US Goes On Trial For Military Fuel Leak That Allegedly Poisoned Thousands

(U.S. Navy Photo by Capt. Jereal Dorsey)

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Micaela Burrow Investigative Reporter, Defense
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The U.S. government is set to go on trial Monday in Hawaii for a case that began more than two years ago, when leaking jet fuel from a military storage site contaminated drinking water for thousands, according to The Associated Press.

Seventeen “bellwether” plaintiffs representing more than 7,500 people, including service members, will seek to convince a judge in a U.S. District Court in Honolulu that the Red Hill Bulk Fuel Storage Facility jet fuel spill directly contributed to a spate of alleged health effects, including rashes and vomiting, the AP reported. While the U.S. has admitted the jet fuel leak incurred compensable injuries for the plaintiffs and that the U.S. “breached its duty of care,” it disputes that the alleged Pearl Harbor victims consumed the poisoned water at significant levels to cause the problematic health outcomes..

The bellwether plaintiffs comprise of relatives of military members who have submitted testimonies in the case about how consuming the tainted water made them feel ill and in some cases produced persistent health problems, including seizures, asthma, eczema and vestibular dysfunction, according to the AP. (RELATED: US Military Probe Finds Kabul Airport Bombing Was ‘Not Preventable,’ Contradicting Marine’s Bombshell Testimony)

“I had developed a rash on my arms with sores and lesions on my scalp, feet, and hands accompanied by a headache,” Nastasia Freeman, wife of a Navy lieutenant and mother of three, wrote. “I had a very strange sensation that I had never had before — I felt like my blood was on fire.”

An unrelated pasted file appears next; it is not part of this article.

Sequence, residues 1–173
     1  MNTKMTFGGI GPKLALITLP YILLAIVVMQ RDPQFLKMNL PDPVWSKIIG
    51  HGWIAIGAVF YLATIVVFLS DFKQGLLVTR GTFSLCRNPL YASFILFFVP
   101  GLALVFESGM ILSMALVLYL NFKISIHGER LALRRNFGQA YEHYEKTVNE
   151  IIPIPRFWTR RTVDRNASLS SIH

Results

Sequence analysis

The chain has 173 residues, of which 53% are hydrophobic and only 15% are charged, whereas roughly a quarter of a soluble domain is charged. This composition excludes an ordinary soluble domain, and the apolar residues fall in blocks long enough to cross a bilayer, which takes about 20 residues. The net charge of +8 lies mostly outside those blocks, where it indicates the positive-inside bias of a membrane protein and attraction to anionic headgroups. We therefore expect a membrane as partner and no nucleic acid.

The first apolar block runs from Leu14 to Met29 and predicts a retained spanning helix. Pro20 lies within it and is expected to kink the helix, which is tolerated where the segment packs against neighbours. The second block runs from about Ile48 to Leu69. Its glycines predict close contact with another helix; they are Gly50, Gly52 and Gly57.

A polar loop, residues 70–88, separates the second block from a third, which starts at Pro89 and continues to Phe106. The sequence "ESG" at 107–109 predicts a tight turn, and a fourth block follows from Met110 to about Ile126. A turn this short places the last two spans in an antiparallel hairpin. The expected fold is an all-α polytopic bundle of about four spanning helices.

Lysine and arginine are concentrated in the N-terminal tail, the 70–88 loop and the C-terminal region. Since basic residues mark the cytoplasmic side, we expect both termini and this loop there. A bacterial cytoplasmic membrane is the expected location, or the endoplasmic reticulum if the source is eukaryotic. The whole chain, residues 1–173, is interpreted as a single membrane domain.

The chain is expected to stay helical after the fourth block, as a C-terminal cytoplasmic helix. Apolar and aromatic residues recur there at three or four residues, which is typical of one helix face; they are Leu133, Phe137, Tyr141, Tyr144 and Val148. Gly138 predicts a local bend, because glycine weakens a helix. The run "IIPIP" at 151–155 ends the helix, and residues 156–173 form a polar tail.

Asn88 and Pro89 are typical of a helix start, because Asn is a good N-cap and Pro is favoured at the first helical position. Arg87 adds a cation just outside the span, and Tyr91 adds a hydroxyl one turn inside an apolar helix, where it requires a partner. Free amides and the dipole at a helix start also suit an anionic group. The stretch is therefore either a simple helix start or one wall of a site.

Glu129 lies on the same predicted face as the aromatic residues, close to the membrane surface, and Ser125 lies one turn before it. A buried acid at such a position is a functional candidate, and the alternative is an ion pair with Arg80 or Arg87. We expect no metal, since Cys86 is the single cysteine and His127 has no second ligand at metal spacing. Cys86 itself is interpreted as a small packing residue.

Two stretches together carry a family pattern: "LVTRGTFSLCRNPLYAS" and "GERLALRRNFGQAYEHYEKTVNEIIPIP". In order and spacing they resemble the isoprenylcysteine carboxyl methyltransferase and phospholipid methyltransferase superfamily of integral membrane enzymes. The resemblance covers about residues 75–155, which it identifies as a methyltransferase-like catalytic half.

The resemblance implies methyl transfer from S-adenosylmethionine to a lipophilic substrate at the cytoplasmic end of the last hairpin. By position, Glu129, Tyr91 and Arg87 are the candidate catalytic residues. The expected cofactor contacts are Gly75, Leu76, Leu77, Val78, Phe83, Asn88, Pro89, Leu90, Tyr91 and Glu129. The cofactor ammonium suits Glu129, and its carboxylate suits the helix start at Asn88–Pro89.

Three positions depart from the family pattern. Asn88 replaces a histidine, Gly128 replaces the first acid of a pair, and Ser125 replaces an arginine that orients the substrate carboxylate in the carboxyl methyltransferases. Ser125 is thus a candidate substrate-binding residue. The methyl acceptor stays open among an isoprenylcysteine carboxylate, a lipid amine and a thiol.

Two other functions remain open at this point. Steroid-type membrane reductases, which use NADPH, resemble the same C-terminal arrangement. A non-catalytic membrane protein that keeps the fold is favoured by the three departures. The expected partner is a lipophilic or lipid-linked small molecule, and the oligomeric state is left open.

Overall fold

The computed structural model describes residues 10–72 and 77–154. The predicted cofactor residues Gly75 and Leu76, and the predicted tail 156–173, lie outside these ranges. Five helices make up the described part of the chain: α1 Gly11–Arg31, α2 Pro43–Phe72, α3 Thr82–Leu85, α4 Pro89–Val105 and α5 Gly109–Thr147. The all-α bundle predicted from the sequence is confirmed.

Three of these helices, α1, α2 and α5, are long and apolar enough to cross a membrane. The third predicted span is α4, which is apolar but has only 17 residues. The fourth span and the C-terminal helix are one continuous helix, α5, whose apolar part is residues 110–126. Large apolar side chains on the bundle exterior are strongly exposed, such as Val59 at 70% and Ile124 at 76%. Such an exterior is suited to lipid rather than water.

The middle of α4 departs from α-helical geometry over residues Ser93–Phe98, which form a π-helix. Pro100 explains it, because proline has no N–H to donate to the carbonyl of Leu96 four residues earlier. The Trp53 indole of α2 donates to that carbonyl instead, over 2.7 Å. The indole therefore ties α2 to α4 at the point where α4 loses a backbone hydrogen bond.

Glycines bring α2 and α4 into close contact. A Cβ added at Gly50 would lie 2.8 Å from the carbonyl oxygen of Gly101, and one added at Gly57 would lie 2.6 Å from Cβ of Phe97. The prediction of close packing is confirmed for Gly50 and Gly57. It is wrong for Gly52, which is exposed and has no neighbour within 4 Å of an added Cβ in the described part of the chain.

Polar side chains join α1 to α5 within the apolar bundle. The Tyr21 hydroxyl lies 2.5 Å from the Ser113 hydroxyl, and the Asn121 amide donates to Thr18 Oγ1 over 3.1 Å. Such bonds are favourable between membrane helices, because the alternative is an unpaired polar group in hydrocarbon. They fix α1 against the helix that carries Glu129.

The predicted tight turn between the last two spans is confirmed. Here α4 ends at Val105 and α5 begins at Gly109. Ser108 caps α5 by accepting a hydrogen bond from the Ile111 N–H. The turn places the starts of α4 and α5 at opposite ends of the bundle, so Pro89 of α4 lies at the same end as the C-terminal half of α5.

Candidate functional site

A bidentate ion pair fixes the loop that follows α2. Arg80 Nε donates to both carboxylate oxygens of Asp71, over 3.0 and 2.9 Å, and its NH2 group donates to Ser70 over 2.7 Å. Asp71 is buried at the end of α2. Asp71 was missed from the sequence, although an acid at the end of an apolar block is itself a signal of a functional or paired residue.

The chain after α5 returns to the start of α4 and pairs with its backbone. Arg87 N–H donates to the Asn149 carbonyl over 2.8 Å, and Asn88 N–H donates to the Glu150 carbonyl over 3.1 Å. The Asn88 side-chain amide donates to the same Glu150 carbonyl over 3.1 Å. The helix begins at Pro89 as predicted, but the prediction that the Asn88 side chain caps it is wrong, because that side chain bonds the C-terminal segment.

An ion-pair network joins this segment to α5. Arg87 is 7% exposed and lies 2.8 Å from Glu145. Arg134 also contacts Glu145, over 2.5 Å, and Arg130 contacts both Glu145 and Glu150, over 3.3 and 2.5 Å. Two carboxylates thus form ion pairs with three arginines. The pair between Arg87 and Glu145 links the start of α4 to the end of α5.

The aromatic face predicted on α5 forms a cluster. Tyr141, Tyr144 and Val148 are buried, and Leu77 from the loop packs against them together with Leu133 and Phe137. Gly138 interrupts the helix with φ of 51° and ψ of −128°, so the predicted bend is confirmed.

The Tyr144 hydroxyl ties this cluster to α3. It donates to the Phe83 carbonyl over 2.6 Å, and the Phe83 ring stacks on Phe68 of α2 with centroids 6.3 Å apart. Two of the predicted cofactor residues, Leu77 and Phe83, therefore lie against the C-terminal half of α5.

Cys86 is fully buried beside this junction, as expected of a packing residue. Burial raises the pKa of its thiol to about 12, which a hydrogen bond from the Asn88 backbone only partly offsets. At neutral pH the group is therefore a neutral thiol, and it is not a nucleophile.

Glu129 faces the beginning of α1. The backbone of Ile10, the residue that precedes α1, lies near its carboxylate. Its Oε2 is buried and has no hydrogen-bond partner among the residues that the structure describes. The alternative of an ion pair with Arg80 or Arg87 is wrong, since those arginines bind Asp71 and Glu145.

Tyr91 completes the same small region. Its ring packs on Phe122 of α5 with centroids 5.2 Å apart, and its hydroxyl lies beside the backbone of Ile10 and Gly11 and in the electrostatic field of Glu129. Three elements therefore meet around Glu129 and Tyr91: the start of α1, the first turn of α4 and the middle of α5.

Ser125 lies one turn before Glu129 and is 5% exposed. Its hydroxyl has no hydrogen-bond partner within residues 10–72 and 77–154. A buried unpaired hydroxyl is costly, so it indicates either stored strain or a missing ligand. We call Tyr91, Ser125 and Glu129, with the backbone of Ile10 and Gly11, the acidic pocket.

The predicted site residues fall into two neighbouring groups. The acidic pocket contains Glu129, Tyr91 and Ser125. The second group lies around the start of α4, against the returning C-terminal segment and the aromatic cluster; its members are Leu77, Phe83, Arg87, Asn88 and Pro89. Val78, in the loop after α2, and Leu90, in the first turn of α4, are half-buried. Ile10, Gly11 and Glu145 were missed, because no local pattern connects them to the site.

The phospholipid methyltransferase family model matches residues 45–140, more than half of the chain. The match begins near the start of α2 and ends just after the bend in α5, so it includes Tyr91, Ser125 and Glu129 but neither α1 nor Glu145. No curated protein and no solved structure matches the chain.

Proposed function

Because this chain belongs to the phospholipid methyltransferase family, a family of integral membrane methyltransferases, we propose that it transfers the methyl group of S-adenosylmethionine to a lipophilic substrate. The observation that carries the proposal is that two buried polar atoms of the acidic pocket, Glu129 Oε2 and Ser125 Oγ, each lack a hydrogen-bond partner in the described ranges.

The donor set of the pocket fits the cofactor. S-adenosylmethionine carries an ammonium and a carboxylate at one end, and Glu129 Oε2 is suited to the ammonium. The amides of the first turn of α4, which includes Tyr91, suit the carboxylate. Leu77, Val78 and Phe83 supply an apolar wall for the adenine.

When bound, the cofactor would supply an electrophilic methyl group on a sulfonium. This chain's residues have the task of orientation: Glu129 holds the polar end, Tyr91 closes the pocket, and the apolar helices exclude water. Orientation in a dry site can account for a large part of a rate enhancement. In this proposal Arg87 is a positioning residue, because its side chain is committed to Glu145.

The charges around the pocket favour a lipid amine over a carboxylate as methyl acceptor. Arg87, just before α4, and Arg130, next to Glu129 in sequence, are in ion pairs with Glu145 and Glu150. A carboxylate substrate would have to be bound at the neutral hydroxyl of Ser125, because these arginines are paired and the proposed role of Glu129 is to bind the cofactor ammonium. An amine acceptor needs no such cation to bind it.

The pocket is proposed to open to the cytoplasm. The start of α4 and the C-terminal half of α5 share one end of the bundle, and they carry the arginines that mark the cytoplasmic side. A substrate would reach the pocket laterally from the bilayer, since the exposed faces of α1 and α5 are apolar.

Speaking to a nurse, she learned that other families in the area had called to express similar complaints, according to the AP. The common theme was the tap water.

Attorneys for the alleged victims say the Navy was aware of the fuel spill that had leaked into the area’s drinking water supply but failed to inform residents or warn them against drinking the tap water. Instead, they assured residents the water was safe.

“It felt like we were being gaslit,” Freeman’s declaration filed in the case said. “We knew the water wasn’t safe, but the Navy was telling us that it was. They said they didn’t know what was in the water and that they were ‘investigating.’”

Contractors assigned to Navy Closure Task Force - Red Hill (NCTF-RH) conduct groundwater quality monitoring inside the Red Hill Bulk Fuel Storage Facility (RHBFSF), Halawa, Hawaii, April 4, 2024. In addition to its mission to safely decommission the facility, NCTF-RH is responsible for long-term environmental monitoring and remediation of the land and groundwater around the facility.

Contractors assigned to Navy Closure Task Force – Red Hill (NCTF-RH) conduct groundwater quality monitoring inside the Red Hill Bulk Fuel Storage Facility (RHBFSF), Halawa, Hawaii, April 4, 2024. (U.S. Navy photo by Mass Communication Specialist 1st Class Glenn Slaughter)

The Navy’s investigation report, released in 2022, found that 21,000 gallons of jet fuel spilled when an operator error caused a pipe to rupture. Most of the fuel flowed into a fire suppression line, weighing it down for six months, before a cart impacted the line on Nov. 20, 2021 and caused it to burst, releasing about 20,000 gallons.

More than 400,000 residents of Honolulu receive their tap water supply from aquifers that sit above the Red Hill storage facility, according to the AP.

The Navy conceded to demands from Hawaii residents worried about the threat to their water supply and agreed to drain the fuel tanks, completing the task in March.

“A bellwether trial helps attorneys to understand the likely success or failure of the cases that are in the pipeline,” Loretta Sheehan, a Honolulu-based personal injury attorney not involved in the case, told the AP.

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